Woman Sues NYPD for “Topless” Arrest

 In a complaint filed in state court earlier this month, Krigsman v. City of New York, Jessica Krigsman seeks money damages for her unconstitutional arrest for not wearing a shirt in a public park in Brooklyn.  The complaint alleges that when the police officers approached Ms. Krigsman on the park bench and  told her to put on a shirt, she

“politely told the police officers that in 1992, in People v. Santorelli, 80 N.Y. 2d 875 (1992), the New York Court of Appeals held that it is legal for a woman to be topless in any public place in New York State where it is legal for a man to be topless.”


Statute of Athena

Apparently, the police officers did not credit Ms. Krigsman’s legal expertise, because they arrested her and took her to the precinct where she was held for approximately five hours and issued a summons for “Obstruction of a Sitting Area,” a charge that was dismissed when she appeared in court in October.

Certainly, Ms. Krigman’s lawsuit clears one of the hurdles that can make an award of damages for a constitutional violation difficult: the requirement that the law at the time of the incident be clearly settled.

As discussed in chapter 2 of Dressing Constitutionally, Santorelli involved activist Nikki Craft and other feminists, who had staged an action protesting topless laws as applied to women in a Rochester park; they were arrested for public nudity based upon exposure of their breasts.  A trial judge rejected their equal protection challenge, while dismissing the charges against them based upon a First Amendment analysis of their publicized protest in the park, but an appellate court reversed.  When the case reached New York’s highest court, the court’s succinct memorandum opinion neatly held that the statute was not intended to apply to the type of situation before it, but only “topless waitresses.”

It was concurring Judge Vito Titone who wrote the opinion that is best remembered.  He essentially accused his colleagues of historical inaccuracy, arguing that the “topless waitress” statute was a precursor statute and that the new provision under which Craft and others were convicted  “was aimed at filling a gap”  to clearly proscribe “nude sunbathing by ordinary citizens” and “either men or women appearing bottomless in public places”  Joined by one other judge, Titone’s opinion argued that the court should have taken the equal protection issue more seriously and suggested that any recognition of a governmental interest of protecting public sensibilities that are based on a gendered distinction is itself a constitutional problem.  For Titone, the “underlying legislative assumption that the sight of a female’s uncovered breast in a public place is offensive to the average person in a way that the sight of a male’s uncovered breast is not” is an assumption that replicated gender bias rather than confronting and eradicating sex inequality.  Titone’s concurring opinion stands as one of the most supportive judicial statements of the unconstitutionality of legally imposed gender differentials in required clothing.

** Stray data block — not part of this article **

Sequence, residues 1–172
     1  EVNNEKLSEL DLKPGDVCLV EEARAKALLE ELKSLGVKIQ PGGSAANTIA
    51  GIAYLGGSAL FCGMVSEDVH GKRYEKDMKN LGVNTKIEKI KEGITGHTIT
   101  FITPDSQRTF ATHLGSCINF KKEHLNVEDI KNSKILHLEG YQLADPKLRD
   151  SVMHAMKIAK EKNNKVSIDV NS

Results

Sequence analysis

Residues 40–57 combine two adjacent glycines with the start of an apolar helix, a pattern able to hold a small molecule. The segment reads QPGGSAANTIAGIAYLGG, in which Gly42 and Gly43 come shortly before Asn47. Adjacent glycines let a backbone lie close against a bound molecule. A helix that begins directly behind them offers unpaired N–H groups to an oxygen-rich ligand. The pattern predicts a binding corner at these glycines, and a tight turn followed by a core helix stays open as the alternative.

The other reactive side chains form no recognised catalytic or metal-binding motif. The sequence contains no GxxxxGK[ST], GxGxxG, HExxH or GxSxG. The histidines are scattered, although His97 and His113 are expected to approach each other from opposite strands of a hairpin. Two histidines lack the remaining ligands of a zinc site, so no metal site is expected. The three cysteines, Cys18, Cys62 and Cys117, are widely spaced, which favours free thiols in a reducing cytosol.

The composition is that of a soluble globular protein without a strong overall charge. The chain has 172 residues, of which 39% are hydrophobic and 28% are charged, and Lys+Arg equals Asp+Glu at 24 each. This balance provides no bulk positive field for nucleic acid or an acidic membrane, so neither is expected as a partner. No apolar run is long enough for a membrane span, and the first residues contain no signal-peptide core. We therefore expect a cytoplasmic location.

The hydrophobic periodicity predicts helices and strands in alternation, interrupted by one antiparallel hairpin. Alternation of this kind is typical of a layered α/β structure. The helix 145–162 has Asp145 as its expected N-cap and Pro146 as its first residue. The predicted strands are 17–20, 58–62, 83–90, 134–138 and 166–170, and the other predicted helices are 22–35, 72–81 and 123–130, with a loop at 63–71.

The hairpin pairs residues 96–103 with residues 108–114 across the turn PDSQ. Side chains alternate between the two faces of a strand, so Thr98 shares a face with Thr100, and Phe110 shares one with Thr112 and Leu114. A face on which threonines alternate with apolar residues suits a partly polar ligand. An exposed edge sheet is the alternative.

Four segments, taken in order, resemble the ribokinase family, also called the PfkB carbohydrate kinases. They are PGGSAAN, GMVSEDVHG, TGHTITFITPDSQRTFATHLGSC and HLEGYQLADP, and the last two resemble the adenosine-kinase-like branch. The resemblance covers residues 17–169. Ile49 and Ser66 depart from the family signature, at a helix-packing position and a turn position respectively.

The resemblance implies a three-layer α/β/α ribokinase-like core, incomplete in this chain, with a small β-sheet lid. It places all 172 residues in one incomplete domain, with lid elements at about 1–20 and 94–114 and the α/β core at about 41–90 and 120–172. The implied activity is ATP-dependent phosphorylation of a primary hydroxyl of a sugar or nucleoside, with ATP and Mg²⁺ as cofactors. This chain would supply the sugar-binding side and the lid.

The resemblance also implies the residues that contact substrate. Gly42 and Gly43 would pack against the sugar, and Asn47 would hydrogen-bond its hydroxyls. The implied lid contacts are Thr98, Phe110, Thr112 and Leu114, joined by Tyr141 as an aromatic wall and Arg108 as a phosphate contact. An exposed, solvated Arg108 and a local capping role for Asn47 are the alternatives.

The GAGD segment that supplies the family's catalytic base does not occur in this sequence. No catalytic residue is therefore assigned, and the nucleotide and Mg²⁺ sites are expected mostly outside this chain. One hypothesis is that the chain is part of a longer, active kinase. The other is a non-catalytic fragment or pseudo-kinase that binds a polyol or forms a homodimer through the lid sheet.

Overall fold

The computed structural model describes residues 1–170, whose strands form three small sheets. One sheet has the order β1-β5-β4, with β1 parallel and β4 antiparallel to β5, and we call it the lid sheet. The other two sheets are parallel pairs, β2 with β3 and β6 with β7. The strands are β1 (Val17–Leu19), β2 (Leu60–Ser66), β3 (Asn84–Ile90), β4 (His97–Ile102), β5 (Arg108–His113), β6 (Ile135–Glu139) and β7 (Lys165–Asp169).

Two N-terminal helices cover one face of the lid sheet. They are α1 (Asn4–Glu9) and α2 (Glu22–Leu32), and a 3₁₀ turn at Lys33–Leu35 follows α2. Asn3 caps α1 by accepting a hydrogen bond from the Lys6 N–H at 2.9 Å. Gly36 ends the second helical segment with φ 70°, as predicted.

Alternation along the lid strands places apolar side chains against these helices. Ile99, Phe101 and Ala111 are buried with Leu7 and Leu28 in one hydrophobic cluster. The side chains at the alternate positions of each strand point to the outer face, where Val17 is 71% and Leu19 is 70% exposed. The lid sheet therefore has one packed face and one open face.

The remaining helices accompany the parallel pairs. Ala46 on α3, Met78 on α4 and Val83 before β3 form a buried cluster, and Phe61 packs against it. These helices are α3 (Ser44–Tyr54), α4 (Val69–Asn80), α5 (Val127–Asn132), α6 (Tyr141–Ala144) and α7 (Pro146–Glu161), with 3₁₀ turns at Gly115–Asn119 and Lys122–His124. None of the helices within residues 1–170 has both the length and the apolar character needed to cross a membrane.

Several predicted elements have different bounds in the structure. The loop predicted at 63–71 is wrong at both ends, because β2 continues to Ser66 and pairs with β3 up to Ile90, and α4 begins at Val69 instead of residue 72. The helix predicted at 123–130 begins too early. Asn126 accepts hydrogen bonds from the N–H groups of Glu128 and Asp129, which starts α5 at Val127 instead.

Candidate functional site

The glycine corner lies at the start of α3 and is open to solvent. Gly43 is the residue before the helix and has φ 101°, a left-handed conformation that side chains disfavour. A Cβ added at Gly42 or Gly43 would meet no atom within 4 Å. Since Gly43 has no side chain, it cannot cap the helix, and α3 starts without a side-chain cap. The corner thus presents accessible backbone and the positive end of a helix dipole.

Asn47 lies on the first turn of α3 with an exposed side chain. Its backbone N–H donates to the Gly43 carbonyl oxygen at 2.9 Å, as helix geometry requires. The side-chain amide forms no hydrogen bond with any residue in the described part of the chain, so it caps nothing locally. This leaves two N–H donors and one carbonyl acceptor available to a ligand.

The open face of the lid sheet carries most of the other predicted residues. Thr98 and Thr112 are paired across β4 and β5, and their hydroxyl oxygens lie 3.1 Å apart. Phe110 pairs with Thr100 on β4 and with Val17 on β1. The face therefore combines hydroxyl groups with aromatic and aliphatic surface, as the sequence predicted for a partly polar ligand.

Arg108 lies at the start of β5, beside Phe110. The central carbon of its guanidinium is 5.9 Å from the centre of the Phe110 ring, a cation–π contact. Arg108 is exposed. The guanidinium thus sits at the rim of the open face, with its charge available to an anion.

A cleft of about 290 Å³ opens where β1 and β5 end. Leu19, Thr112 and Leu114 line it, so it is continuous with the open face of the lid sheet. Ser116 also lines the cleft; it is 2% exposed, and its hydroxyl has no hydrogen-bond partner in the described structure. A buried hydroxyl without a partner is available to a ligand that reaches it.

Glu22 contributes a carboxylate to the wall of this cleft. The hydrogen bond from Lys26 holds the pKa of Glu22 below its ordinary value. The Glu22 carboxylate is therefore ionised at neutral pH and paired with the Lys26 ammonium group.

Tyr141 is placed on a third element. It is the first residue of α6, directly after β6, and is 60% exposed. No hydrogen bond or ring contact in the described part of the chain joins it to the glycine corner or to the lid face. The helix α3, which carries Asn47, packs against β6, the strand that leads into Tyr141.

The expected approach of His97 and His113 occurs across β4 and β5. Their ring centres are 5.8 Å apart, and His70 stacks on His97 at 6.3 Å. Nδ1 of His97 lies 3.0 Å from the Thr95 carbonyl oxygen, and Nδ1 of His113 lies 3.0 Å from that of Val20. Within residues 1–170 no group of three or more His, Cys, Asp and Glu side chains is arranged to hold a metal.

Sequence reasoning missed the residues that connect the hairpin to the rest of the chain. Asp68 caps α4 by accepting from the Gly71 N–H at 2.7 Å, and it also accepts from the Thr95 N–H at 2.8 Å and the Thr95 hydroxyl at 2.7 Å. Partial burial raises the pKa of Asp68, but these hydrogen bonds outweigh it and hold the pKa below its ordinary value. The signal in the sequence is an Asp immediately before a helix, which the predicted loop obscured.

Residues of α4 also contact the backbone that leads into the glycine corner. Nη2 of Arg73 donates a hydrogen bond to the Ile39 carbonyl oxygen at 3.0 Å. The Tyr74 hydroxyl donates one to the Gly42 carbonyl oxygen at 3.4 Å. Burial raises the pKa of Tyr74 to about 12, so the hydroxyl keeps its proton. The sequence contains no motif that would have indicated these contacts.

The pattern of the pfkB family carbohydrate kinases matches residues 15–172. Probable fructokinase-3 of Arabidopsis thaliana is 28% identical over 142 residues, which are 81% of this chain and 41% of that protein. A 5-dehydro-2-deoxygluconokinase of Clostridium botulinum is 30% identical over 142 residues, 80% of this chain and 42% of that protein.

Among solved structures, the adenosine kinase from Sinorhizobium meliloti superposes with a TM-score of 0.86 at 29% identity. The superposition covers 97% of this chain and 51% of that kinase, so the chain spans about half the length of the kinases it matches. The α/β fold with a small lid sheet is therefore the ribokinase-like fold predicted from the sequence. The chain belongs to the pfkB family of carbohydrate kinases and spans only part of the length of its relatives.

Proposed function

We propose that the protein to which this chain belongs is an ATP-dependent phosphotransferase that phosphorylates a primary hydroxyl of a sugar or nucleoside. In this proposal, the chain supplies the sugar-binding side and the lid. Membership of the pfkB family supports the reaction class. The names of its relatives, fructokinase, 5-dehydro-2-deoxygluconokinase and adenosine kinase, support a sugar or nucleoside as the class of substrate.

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Headgear Hysteria

Here’s an Op-Ed from the National Law Journal:

High Fashion or Religious Fervor? Headwear Laws Fraught With Trouble

The distinction between faith-based garb and trendy styles isn’t always clear.

by Ruthann Robson
The National Law Journal
October 14, 2013

459px-Kate_Duchess_Cambridge_2012Passion about head coverings is not limited to intense interest in Kate Middleton’s latest hat or ­fascinator.

Retailer Abercrombie & Fitch, well known for its “look policies,” lost a court battle last month to prohibit its employees from wearing headscarves but won a different federal appeal earlier this month because a 17-year-old employee did not make explicit the religious motives for her scarf. And earlier this month, Turkey made news by further lifting its long-standing ban on headscarves, even while maintaining the prohibition for women judges, prosecutors and members of the military.

Police officers in the Bronx, N.Y., allegedly removed by force the headscarves of teenage girls playing in a park in late August. And last month in Mississippi, the American Civil Liberties Union sent a letter to the state Department of Transporta­tion alleging that employees had targeted a truck driver because he was wearing a turban. When the truck driver appeared in court on the charge for failure to obey an order, the judge reportedly had him ejected from the courtroom for his headdress and told his attorney that he needed to remove the “rag” from his head.